Response to the coalition of 31 international NGOs calling for the immigration
law reform in Burma
the Burmese political activists residing in overseas for more than two decades,
we take the minority issue seriously. First of all, we would like to clarify
that the recent crisis in Arakan state was not based on the race or religion
but the crimes committed by both parties. The lack of rule of law and
corruptions employed by the military rule for decades were to be blamed for it.
question here for the coalition of 31 international NGOs that suggests what the
lawmakers in Burma should do with regard to the immigration law reform is that does it really think that more than 80% MPs
made up of the cronies and goons of the military will listen to what they ask
for? Of course not, it already knows it. If the coalition of 31 international
NGOs thinks it might work to push the opposition MPs, including Daw Aung San
Suu Kyi, made up of less than 20% in the whole parliament, in this case, there
is something wrong with these NGOs.
say if Burma is a well
established democracy, should the lawmakers in Burma listen to their constituents
or a bunch of NGOs from overseas? Representative, in its own definition, is to
represent the will of the constituents. Don’t the NGOs think? Also, is it so
premature to suggest the lawmakers what should/ should not be inserted in the
reform law that has not yet been set in the agenda to discuss in the
parliament? Remember, no minority’s rights is still guaranteed under 2008
constitution in Burma.
the coalition of 31 international NGOs thinks it has moral responsibility to craft
the other nation’s laws, our question here is that how many of these NGOs
members have involved in the law making process in their own country?
fallacy of these NGOs begins with quoting the UN institutions that always have
left the loopholes for the superpower nations and their cohorts to do whatever
they want in the end. Let’s have a look at the most dangerous institution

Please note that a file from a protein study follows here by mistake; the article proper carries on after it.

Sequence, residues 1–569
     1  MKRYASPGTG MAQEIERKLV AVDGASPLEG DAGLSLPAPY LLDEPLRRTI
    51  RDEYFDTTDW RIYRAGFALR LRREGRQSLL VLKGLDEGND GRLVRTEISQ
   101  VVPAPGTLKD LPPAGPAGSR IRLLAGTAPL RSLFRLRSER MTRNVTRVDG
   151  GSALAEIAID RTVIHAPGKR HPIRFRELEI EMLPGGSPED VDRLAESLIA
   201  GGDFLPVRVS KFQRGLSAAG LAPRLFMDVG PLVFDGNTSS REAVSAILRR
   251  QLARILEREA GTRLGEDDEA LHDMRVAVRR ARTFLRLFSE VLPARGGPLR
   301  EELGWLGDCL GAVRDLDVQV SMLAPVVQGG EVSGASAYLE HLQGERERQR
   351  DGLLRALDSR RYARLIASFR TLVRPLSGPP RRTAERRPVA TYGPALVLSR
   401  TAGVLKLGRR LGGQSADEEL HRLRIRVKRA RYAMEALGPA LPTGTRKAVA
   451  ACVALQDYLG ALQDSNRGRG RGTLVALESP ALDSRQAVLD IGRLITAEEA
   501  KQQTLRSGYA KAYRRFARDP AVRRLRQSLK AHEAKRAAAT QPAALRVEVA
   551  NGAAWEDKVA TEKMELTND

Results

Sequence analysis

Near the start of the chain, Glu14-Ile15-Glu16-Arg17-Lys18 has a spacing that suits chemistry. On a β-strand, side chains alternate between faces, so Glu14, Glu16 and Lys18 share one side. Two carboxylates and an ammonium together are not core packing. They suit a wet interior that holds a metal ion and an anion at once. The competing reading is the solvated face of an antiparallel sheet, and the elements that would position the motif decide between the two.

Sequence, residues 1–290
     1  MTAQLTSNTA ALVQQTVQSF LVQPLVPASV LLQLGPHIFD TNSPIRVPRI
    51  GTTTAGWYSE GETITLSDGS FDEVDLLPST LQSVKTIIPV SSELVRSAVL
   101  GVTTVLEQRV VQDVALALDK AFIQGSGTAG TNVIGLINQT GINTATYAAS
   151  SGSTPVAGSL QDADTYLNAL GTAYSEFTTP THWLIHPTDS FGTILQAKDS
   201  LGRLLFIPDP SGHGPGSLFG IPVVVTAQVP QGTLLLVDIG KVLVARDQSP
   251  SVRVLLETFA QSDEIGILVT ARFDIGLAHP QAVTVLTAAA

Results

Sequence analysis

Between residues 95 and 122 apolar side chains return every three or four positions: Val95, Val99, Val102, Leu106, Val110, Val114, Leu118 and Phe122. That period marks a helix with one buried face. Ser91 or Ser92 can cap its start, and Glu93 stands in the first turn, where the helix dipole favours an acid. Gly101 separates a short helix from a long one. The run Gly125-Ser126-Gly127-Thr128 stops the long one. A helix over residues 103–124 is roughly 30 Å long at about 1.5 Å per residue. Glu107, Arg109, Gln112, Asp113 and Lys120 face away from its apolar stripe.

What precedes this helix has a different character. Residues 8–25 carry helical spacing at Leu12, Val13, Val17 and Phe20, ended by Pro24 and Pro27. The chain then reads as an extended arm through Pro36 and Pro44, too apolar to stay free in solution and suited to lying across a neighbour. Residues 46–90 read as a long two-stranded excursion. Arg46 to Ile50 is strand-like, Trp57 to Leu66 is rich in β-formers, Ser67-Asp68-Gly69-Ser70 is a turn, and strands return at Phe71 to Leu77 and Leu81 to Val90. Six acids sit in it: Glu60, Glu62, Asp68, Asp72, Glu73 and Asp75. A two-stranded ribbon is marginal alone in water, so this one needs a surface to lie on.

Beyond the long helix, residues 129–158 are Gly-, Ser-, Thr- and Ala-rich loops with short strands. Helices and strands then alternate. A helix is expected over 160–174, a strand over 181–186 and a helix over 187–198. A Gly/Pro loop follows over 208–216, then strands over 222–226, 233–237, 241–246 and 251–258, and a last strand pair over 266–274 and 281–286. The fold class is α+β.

called R2P. Why did the superpowers use R2P against Libya? And, why don’t they use it
and why not? Does the coalition of 31 international NGOs think it should write
a draft resolution or suggestion - “one size fit it all”, a universal approach
- in this regard and send it to the UNSC? Anyway, the point we would like make
here is that no law is perfect in this world. And, all of the laws must at
least reflect the will of the majority people in the nations of their own.
is another example. The most powerful nation on earth called the US has signed the NDAA law during the Christmas
Eve of last year, and maintained the Guantanamo
prison for years. One violates the 4th amendment of the US constitution
and the other violates the international law. Does the coalition of 31
international NGOs think it should write a draft and send it to the US lawmakers
and others? And, may we ask them why/why not? Still, we are in serious doubt
that the lawmakers in the US
will pay attention to it.
the coalition of 31 international NGOs thinks it can issue whatever statement
it wants to Burma, one of worst trouble-spot nations on earth, without learning
the opinion of the majority of the people in Burma in this regard, there will
be a tremendous backlash and setback on these NGOs’ effort for democratization
of Burma sooner rather than later.
1. U Aung Than Oo (Germany) 1. Dr. Moe Moe Hnin (Belgium)